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Police intervention at Brussels-Midi results in 60 arrests

07:12 29/08/2023

A major police action at Brussels-Midi railway station this weekend led to about 60 people being arrested.

The large-scale operation came not long after a formal letter from Brussels railway operator SNCB called for better public safety at the station, calling the security situation dire.

Most of the people arrested on Saturday were charged for illegal residence in Belgium, according to Sarah Frederickx, spokeswoman for the Brussels-South police zone.

In addition to about 100 police officers, staff from the immigration office also took part in the all-day operation on Saturday, with it long being known in advance that many of the public safety concerns were related to migrants.

Just the day before, federal interior minister Annelies Verlinden (CD&V) announced a three-pronged action plan to tackle concerns about Brussels-Midi station, which is the country's largest railway station and a gateway for many foreign travellers.

“Such an operation has an immediate effect, but we can't do it every day,” Verlinden said in remarks made from the station on the day of the operation, underlining the “enormous” effort involved.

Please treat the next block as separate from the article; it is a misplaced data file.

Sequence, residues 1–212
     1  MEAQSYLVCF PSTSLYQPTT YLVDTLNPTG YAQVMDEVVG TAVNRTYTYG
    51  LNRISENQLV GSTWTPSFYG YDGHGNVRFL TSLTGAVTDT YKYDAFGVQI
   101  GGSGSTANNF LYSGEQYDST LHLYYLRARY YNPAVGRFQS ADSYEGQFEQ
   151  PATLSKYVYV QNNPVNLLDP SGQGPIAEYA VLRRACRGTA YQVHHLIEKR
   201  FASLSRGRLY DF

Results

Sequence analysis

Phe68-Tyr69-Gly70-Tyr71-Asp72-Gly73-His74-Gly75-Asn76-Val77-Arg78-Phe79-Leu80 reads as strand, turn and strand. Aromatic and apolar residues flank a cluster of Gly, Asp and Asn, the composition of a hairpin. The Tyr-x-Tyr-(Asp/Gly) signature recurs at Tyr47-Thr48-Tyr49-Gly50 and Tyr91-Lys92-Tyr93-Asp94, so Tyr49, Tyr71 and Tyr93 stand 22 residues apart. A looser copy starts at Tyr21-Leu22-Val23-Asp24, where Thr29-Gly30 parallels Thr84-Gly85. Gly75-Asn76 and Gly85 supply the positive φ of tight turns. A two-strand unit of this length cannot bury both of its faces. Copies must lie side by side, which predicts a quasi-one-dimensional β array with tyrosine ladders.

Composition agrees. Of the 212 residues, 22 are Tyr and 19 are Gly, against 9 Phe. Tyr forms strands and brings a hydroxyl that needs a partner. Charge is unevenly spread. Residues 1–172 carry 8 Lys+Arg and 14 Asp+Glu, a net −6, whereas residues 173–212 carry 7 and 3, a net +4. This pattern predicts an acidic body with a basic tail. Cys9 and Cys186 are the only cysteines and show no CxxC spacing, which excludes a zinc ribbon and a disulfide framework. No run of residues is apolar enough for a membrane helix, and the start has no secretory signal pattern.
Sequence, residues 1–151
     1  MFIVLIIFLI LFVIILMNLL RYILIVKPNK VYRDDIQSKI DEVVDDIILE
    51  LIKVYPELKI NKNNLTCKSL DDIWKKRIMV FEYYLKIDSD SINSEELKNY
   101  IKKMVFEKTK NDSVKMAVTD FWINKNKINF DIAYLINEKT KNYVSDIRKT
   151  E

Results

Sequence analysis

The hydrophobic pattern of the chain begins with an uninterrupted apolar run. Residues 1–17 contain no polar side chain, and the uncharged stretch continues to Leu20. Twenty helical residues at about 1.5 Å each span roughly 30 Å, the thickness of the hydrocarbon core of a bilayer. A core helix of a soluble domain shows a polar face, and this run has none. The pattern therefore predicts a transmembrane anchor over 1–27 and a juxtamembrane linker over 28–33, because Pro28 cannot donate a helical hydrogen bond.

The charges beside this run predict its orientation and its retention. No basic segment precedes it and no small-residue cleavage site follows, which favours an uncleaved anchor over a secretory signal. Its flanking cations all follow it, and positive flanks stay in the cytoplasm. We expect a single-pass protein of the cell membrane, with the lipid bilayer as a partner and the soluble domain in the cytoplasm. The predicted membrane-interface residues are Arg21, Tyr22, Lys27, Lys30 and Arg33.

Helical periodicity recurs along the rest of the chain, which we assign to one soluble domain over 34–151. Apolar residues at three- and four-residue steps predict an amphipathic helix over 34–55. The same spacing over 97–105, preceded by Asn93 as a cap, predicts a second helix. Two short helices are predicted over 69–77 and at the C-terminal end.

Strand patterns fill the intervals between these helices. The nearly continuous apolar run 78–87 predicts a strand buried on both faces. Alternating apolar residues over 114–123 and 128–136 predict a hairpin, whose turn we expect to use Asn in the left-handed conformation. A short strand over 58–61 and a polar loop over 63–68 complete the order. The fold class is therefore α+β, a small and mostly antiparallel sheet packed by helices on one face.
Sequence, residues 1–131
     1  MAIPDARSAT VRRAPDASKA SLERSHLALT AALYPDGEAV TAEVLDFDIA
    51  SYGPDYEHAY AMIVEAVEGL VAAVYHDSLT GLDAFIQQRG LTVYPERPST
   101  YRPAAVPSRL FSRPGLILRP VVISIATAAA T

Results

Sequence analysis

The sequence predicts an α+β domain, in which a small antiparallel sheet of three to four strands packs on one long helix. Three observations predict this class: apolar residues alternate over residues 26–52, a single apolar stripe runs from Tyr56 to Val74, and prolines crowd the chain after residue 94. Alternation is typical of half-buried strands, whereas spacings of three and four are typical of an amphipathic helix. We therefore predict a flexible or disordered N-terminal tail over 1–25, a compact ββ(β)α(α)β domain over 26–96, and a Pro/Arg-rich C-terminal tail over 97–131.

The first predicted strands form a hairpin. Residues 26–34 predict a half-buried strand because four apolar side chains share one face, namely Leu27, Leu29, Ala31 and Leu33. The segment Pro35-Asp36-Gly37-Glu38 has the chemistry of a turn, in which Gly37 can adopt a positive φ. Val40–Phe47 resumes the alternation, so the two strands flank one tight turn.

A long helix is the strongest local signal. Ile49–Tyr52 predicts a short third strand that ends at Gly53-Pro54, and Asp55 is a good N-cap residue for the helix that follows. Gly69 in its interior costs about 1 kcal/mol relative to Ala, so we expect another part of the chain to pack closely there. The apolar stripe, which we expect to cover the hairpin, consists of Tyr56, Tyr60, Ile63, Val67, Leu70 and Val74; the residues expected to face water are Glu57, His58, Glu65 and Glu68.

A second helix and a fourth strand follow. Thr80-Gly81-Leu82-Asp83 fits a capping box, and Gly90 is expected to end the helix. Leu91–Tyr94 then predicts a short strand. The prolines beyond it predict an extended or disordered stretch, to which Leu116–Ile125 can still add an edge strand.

“After the distress signal sent out by the SNCB and the Brussels region, we wanted to take visible action quickly. However, a lasting solution is needed to resolve the problems in the long term. These are essential parts of the solution.”

Verlinden cited those problems as poverty, housing, addiction and deteriorating infrastructure, and the National Crisis Centre is holding a second crisis consultation this week to discuss and evaluate the large-scale police action.

It will also be examining the three core issues behind the public safety concern: crime and illegal residents; homelessness, addiction and cleanliness; and the structural situation as it relates to security.

“It was high time this action took place,” said Verlinden. “But the real effort to be made is to work on the roots of these problems. The police can only do symptom control.”

Brussels minister President Rudi Vervoort (PS) was pleased with the operation, saying “the situation called for integrated coordination, with each institutional actor taking up and exercising its responsibilities”.

The coordinating role of the National Crisis Centre is only for a predetermined length of time and will eventually be transferred to the Brussels region.

Written by Helen Lyons